A panel of federal appellate judges Wednesday heard contentious arguments about a much-debated court order that bars San Francisco from sweeping homeless encampments while there is a shortage of shelter beds in the city.
The appeal has attracted considerable public attention and rallies initiated by supporters of both sides began outside of the courthouse before the case was called and continued even after arguments were underway in the 9th U.S. Circuit Court of Appeals.
San Francisco has been vocal about the high stakes involved in the case. City Attorney David Chiu said the case is “being watched by cities and states, not just in California, but within the 9th Circuit and beyond.”
At the close of more than an hour of arguments, the judges on the panel deemed the case “submitted” — a term used to mean that they will issue a decision at a later date when their consideration is complete. However, comments from the bench suggested that they see a way to resolve at least some of the issues raised the city.
The appeal comes in a lawsuit brought against the city by the Coalition on Homelessness, an advocacy group, and a number of individuals, including several who have experienced homelessness.
At the end of 2022, U.S. Chief Magistrate Judge Donna Ryu preliminarily enjoined the city from enforcing laws that barred “involuntarily” homeless individuals from sleeping on city streets while there was a shortage of beds to provide them shelter. The rationale was that prohibiting sleeping on the streets by someone who has no other option is “cruel and unusual” punishment under the Eighth Amendment.
San Francisco is experiencing a profound shortage of shelter beds, with more than 4,000 people sleeping in tents, cars or vacant buildings, according to testimony in the case.
The city appealed the trial court’s order to the 9th Circuit, alleging that it put the city in an “impossible situation” because it was not immediately possible to create sufficient shelter beds and therefore illegal encampments would continue despite the negative impact on public health and safety.
The city also argued that the order did not make clear that an individual who declined an offer of shelter was not “involuntarily” homeless and it improperly tied the city’s hands in doing its job of keeping the streets safe.
Because of the alleged severity of the situation, on April 14 the city filed a motion requesting the 9th Circuit to “stay” or suspend the preliminary injunction while the appeal was pending.
The 9th Circuit did not rule on the stay motion but instructed the parties to be prepared to address the motion at Wednesday’s argument. Much of the argument was directed at the motion rather than the appeal itself.
Outside, tensions rose as two opposing rallies clashed in the early hours of Wednesday shortly before the hearing. On one side of the courthouse steps, people chanted “Save our streets” while on another side people cried out “Stop the sweeps.”
At 8:30 a.m., Jeffrey Kwong of the Harvey Milk LGBTQ Democratic Club kicked off the first rally in support of the injunction against the city.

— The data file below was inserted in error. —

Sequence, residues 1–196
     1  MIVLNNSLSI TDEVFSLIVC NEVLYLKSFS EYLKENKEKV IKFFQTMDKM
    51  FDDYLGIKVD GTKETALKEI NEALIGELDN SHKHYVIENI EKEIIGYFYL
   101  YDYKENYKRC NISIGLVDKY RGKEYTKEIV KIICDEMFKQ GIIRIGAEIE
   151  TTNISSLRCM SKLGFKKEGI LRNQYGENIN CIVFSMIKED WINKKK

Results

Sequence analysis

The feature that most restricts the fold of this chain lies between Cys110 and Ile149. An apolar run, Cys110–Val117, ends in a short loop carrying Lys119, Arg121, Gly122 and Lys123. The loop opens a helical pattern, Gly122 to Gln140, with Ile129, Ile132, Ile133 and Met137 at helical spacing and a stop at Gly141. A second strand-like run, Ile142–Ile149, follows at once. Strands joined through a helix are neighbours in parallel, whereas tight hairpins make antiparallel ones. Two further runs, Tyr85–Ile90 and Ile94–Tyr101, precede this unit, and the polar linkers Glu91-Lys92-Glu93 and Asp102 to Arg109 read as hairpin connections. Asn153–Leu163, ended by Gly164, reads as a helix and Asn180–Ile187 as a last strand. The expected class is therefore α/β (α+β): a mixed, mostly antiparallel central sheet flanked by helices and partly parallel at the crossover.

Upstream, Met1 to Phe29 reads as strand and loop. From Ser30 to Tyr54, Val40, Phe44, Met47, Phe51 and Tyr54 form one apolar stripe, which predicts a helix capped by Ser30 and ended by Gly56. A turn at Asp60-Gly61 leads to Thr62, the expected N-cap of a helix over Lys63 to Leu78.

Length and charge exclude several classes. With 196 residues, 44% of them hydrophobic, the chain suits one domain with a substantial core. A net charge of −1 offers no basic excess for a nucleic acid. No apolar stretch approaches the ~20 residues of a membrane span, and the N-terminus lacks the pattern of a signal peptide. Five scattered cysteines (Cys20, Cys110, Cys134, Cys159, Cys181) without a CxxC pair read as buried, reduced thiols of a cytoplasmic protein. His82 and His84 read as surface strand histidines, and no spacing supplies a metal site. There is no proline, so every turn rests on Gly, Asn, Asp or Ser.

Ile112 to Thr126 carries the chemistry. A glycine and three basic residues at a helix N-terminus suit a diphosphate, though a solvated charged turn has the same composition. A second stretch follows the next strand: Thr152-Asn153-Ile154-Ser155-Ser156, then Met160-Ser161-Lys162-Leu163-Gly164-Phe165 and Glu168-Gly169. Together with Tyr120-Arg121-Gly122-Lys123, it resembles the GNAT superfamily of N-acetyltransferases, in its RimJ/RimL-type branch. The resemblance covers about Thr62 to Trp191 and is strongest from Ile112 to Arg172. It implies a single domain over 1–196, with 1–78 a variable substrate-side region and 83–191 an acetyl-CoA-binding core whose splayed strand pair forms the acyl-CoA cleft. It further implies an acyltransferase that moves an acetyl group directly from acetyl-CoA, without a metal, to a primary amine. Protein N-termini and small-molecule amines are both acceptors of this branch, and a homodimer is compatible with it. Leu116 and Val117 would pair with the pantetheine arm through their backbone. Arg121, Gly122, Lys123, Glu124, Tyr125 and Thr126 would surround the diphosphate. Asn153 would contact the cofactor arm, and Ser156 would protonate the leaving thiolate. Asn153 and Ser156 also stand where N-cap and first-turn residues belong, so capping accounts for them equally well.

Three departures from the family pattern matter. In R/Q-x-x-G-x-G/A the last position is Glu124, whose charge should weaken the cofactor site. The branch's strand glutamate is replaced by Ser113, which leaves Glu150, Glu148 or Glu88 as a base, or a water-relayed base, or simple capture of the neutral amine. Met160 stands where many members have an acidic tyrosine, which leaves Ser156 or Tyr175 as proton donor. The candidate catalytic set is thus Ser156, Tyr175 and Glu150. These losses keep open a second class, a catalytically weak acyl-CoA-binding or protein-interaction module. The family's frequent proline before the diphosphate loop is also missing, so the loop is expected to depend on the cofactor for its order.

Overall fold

“Mayor Breed needs to do her job. Mayor Breed is failing our city and failing our homeless,” Kwong said.
Representatives from the Lawyers’ Committee for Civil Rights of the San Francisco Bay Area, the San Francisco Public Defender’s Office, the ACLU of Northern California and a series of political clubs took part in urging the city to not resort to homeless sweeps. They referred to the acts as violent, nonproductive and cruel to those without access to shelter beds as the city still struggles to provide adequate affordable housing options.
“San Francisco has never challenged the basic premise underlying our lawsuit: the city must offer appropriate shelter or housing to people sleeping on the streets before they are punished just because they cannot afford a place to stay,” said John Do, senior staff attorney for the Racial and Economic Justice Program at the ACLU of Northern California.
Traditional Chinese lion dancers then started performing on the sidewalk. It was time to kick off the rally backed by Mayor London Breed and Supervisors Rafael Mandelman, Matt Dorsey and Joel Engardio, alongside a slew of business and community organizations.
One part of the large crowd dedicated themselves to drowning out the voices of opponents, while the others turned their attention to the local politicians’ sentiments on the city’s progress on housing and substance abuse resources.
Breed thanked the passionate crowd of supporters for “having the courage” to show up and “fight for San Francisco.” She said the Coalition of Homelessness has “held the city hostage for decades,” and that is “time for their reign to end.”
“This city is being taken advantage of and we are tired of it,” Breed said.
“We are compassionate, we are supportive, we will continue to help people, but this is not the way,” she added.
Mandelman said he has previously supported the ACLU and the lawyer’s committee for making strides in preserving the rights of LBGTQ+ people, people of color and women. But this effort is “hobbling” the city’s ability to make its public spaces beautiful for “all people, including our poorest people,” he said.
“We will fight every step of the way, because we have a mayor and a city attorney who recognizes that we cannot lose this fight for the future of San Francisco,” Mandelman said.